3) I met a Russian couple just a few days ago, who lived by Finch Station back in Toronto! What a small world. They didn't have any religious background, but it was still fun helping them learn the history of the Laie Temple. I told them about the temple in Brampton, and they really appreciated our time. I don't even know how many people I've met here were from Toronto, but most of them were from Richmond Hill, or Markham.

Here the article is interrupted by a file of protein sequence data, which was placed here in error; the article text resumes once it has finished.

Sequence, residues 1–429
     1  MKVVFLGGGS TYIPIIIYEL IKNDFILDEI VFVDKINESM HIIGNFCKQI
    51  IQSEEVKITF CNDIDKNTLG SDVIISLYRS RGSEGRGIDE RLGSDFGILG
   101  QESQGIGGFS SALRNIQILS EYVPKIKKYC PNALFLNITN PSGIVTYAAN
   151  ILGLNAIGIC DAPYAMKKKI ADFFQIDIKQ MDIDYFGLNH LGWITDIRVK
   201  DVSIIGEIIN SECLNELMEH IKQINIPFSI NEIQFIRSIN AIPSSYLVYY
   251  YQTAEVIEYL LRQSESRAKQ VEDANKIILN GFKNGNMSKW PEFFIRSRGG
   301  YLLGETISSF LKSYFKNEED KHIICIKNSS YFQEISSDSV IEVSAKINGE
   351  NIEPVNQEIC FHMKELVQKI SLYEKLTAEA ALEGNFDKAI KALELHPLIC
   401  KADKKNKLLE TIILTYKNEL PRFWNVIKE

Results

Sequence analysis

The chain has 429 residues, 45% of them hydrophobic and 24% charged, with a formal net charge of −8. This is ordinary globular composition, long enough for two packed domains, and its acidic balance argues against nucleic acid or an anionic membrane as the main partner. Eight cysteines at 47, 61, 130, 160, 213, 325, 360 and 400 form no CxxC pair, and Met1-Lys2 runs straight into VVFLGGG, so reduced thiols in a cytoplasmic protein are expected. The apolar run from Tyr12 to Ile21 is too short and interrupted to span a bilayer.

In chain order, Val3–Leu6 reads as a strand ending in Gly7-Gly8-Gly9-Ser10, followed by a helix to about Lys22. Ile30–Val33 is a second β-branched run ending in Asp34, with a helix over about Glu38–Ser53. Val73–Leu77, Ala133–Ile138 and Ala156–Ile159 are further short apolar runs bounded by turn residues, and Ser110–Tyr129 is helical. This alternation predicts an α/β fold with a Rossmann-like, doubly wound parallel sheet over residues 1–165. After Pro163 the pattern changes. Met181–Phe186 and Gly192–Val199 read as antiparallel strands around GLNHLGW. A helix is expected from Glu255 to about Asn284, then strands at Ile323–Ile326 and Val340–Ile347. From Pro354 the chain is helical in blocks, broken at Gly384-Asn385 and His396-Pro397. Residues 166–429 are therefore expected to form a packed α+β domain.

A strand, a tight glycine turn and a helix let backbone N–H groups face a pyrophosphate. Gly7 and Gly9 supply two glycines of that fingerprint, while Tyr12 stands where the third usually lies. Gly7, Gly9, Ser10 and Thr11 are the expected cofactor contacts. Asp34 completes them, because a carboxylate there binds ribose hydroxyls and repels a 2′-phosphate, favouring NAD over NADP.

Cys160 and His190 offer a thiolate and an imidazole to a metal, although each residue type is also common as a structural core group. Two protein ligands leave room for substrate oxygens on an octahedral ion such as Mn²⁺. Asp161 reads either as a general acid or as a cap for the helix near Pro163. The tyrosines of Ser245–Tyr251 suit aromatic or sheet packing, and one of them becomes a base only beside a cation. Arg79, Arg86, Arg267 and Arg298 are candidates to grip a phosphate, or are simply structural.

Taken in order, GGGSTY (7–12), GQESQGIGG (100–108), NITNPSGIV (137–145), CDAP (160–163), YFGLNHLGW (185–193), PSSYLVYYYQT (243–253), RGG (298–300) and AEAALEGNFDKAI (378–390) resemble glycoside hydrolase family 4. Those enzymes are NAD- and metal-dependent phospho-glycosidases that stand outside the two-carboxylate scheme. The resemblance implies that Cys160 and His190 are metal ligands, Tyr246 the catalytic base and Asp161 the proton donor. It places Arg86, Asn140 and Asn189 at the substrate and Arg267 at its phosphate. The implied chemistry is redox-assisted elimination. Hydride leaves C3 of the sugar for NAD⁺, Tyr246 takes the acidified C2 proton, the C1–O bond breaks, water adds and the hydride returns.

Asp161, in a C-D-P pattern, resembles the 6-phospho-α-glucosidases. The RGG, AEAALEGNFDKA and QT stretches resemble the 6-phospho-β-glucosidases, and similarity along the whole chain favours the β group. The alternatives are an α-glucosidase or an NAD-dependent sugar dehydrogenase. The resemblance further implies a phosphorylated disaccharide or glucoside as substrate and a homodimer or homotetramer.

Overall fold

4) I met a Chinese dad and son, visiting from San Francisco. They've visited the Visitors Center in Salt Lake City, so were familiar with temples. The dad asked me an interesting question, "what's the difference between the happiness you find from religion/faith compared to happiness defined in psychology?" (he's a therapist). I answered saying, "I guess it's the source of our happiness. We believe that God is the source of all our blessings, and we can have the most happiness when we are obedient to His commandments, and are trying to follow Jesus Christ. But that includes working hard, and choosing to find joy in trials. From a psychology view, I guess happiness comes from within yourself and believing that you are in charge of your happiness. Which we believe too." It was a good question and he said he liked my answer. It included more than what I quoted, but I'm glad we meet people who ask us good questions. That doesn't mean they will change or want to learn more about our faith, but more so, they watch the way we live our beliefs. I know I've met probably sooooo many people on my mission, and I haven't always had quality conversations, but I know that I did my best to reflect the joy I have received from knowing and living the restored gospel of Jesus Christ.